Why the government is protecting the growing textile industry


The Uganda Revenue Authority (URA) has recovered more than 150 rolls of textiles from a notorious smuggler in Busia. The fabric was recovered in an undercover operation in the early hours of Monday morning.

According to Moses Amwine, one of the agents involved in the operation, they received information that the usual smuggler was planning to bring textiles from neighboring Kenya.

“We gathered our equipment and stood waiting while the Harrier was being loadedAnd, in fact, at five in the morning we managed to corner him at the Mawero Eastern Division headquarters, near the Sofia border crossing, when he was planning to leave with his “cargo”, Amwine narrated.

Upon seeing the agents, the smuggler fled into the nearby bushes, leaving behind a Toyota Harrier UBQ 425. This was escorted to the busia season where further verification revealed 158 rolls of polyester plain textile material and 51 pieces of polycotton plain dyed poplin textile material.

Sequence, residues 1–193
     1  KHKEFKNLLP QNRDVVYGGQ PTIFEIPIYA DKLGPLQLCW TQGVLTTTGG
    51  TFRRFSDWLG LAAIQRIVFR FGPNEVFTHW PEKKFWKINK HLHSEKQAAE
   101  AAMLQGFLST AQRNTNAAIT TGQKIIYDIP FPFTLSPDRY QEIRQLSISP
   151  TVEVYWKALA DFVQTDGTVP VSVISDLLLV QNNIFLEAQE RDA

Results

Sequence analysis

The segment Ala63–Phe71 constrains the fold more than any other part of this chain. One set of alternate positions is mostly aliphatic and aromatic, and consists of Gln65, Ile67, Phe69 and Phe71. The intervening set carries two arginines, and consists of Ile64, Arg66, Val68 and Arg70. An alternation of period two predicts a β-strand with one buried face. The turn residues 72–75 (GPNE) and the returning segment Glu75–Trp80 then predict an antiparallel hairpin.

The team also recovered several license plates. that they I believe the smuggler had been using it to evade surveillance while conducting his trade.

This interception comes at once when traders have been up in arms over the government’s policy of taxing selected textiles in kilograms, i.e. $3.5 per kg or 35% of cost, insurance and freight (CIF), whichever is greater.

In a recent appearance on a local television station, URA Commissioner General John Musinguzi explained that this policy It was presented to protect Uganda’s growing textile industry.

“It is a deliberate step by the government to promote this young sector with a lot of potential because if we add value to our cotton, we can easily become the leading producers of good cotton products instead of exporting the raw material,” he explained. .

Musinguzi, however, acknowledged that since the implementation of the policy began, textile smuggling has been on the rise. He noted that URA is in talks with various stakeholders to address the challenges involved.

Under sections 199(iii) and 200 of the East African Community Customs Management Act (EACCMA), the owner of the Toyota Harrier seized in this operation is subject to a fine not exceeding US$5,000.